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Does anyone know what these filters are for?

They are wooden, yellow, red, green and blue.

The glass filter media measures 2 1/2" x 2 1/2".

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They are marked: Folmer & Schwing Div. E.K & Co.

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    Technically they are not wooden filters, they are glass or gelatin filters in wood frames. The colors suggest that they are for changing the color of a light source, it would be a small light though, so.? The size would suggest darkroom enlarger filters. – Alaska Man Nov 22 '20 at 21:46
  • Is the 2.5" x 2.5" measurement of the filter media or the outer dimension of the frame? – Michael C Nov 23 '20 at 0:53
  • @AlaskaMan The problem with your theory is that when filter holders were mostly wooden, color photography using a single piece of film hadn't happened yet. Color filters don't do much in an enlarger when printing from monochrome negatives (they just darken the whole frame). If, on the other hand, one exposes multiple monochrome negatives with various color filters in front of them when shooting the scene, then the difference in tonal values between objects of various colors can be used to reconstruct the colors later... – Michael C Nov 23 '20 at 0:57
  • @MichaelC - Understood, but i would not say that my comment was a "theory" so much as kind of thinking out loud. I have experimented with color correction gel filters, intended for lights, printing black and white negs with interesting results. – Alaska Man Nov 24 '20 at 19:31
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    the 2.5 x2.5 size is of the filter itself, not the wooden frame. they are made of glass. I just found a name on them- Folmer &Schwing Div.E.K &Co.thanks for your thinking... – Babs Nov 24 '20 at 22:18
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Folmer & Schwing was a New York City based company that began making and selling bicycles in 1887. The owners were William F. Folmer and William E. Schwing.

In 1896 cameras first appeared in their catalog of products. At the time, bicycle mounted cameras were becoming popular.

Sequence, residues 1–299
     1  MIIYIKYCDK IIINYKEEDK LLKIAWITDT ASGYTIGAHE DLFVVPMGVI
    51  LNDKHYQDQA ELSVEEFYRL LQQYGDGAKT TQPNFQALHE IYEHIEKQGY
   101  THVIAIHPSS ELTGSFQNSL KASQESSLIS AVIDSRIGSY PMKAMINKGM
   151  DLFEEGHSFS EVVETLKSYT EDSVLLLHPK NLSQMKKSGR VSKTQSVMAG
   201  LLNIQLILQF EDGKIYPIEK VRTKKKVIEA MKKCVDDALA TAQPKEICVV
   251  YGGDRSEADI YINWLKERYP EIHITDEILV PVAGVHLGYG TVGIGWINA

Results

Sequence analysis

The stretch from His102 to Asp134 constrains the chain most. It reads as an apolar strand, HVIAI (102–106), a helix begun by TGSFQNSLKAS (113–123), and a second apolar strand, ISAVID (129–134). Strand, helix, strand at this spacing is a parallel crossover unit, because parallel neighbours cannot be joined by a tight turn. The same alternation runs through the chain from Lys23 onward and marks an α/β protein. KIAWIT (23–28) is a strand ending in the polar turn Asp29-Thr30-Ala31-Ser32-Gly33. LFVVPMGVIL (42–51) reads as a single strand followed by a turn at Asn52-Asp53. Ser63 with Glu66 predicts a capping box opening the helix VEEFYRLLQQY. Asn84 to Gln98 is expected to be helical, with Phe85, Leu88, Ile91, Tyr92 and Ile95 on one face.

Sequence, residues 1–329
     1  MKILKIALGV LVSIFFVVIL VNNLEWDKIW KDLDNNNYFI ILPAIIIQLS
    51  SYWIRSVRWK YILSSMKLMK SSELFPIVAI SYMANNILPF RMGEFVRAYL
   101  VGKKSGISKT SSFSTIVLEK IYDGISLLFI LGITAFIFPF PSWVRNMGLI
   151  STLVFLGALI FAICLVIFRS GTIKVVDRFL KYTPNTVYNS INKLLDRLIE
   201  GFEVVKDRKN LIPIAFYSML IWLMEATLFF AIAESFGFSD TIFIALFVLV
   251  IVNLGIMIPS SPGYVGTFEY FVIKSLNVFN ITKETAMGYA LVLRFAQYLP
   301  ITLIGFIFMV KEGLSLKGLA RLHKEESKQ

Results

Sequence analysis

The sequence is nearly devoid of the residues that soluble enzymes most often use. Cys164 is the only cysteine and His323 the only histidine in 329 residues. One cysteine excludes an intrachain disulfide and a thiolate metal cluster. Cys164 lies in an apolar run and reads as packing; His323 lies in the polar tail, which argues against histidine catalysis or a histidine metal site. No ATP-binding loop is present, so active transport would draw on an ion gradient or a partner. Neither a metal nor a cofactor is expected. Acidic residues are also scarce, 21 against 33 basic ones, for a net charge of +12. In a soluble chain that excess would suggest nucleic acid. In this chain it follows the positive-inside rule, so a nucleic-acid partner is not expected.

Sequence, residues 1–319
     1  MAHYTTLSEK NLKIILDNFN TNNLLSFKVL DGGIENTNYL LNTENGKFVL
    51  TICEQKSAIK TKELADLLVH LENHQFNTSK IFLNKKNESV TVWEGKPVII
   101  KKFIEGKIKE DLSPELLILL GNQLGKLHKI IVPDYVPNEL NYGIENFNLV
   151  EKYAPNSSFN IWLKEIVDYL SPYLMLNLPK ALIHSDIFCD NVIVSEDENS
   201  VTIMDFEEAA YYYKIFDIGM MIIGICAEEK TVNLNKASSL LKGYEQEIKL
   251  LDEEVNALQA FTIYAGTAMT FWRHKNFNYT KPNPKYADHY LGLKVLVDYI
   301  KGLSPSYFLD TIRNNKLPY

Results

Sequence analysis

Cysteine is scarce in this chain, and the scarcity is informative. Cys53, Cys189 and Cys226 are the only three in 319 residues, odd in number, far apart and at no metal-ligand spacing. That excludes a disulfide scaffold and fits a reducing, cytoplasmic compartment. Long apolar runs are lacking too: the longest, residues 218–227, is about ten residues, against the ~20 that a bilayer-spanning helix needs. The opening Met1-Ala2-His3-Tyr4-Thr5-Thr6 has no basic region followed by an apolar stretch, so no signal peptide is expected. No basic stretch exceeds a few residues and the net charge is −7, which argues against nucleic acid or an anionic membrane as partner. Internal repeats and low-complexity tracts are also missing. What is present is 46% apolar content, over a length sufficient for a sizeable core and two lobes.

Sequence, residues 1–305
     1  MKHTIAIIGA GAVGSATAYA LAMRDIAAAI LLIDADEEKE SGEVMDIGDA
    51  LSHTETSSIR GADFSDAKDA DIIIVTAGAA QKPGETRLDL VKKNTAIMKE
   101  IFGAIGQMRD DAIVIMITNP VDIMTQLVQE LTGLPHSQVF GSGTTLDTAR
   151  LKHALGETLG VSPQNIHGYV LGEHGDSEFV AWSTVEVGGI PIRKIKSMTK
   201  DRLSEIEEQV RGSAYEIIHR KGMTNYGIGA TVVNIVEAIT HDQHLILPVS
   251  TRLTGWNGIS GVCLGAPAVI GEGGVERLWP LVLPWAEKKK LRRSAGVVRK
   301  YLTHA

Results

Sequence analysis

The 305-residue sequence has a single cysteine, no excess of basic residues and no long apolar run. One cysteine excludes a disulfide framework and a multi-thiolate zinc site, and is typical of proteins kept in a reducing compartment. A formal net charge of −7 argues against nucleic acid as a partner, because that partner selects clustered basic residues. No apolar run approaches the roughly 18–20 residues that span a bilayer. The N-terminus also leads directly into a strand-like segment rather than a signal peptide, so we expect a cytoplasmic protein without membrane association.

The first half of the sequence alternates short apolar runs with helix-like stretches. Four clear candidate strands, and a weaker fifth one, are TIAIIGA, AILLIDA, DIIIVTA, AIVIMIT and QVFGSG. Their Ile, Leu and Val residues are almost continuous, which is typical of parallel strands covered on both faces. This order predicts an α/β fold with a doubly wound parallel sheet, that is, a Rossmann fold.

Mr. Folmer created the first Graflex camera in 1898. This version had a complicated and unreliable focal plane shutter. In 1904 he replaced the shutter with a simple, fast, and reliable cloth focal plane shutter and the Graflex series of cameras began their rise to popularity.

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The Auto Graflex from a November, 1905 ad in The Photo Miniature.

George Eastman, of Eastman Kodak & Co., purchased the camera business from Folmer & Schwing in 1905 and marketed Graflex cameras via Kodak's Folmer & Schwing Division. In 1917, Eastman renamed the division to the Folmer & Schwing Department of the Eastman Kodak Co. In 1926 a court ordered Kodak to sell the Folmer & Schwing and Century Departments, their two professional equipment divisions, to comply with antitrust laws. No interested buyer could be found so Kodak spun it off as an independent company and it became the Folmer Graflex Corporation. In 1945 it became Graflex, Inc.

William F. Folmer continued to invent and improve camera designs and other products for Eastman Kodak until they were forced to sell the division in 1926. He then headed the new Folmer-Graflex company until his retirement from the corporation in 1928 due to declining health. He continued to tinker and invent after his retirement. He held many patents related to cameras and photography when he died in 1936 at age 74.

The Auto Graflex sold from 1906-1923 was an improved version of Mr. Folmer's design. The Eastman version was available in three sizes: 3 1/4 x 4 1/4 inches, 4 x 5 inches, and 5 x 7 inches. Backs were available for using glass plates, sheet film, or roll film. The viewfinder hood hinge was moved to the back of the camera. The hood, which was designed so the user could place their forehead against it to block extraneous light, extended straight up and allowed the photographer to get a Through-the-Lens view by looking straight down at the ground glass viewscreen above the reflex mirror, rather than the roughly forty-five degree angle offered by the original Auto Graflex viewfinder that required the photographer's head to be further behind the camera.

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They also marketed other versions of the Auto Graflex with various options and form factors, such as the Auto Graflex Junior, Telescopic Revolving Back Auto Graflex, Stereo Reflex Graflex, and Compact Graflex. There was even a "super-telephoto" version, the Naturalist Graflex Camera, that could accommodate lenses with focal lengths up 26 inches (660mm)!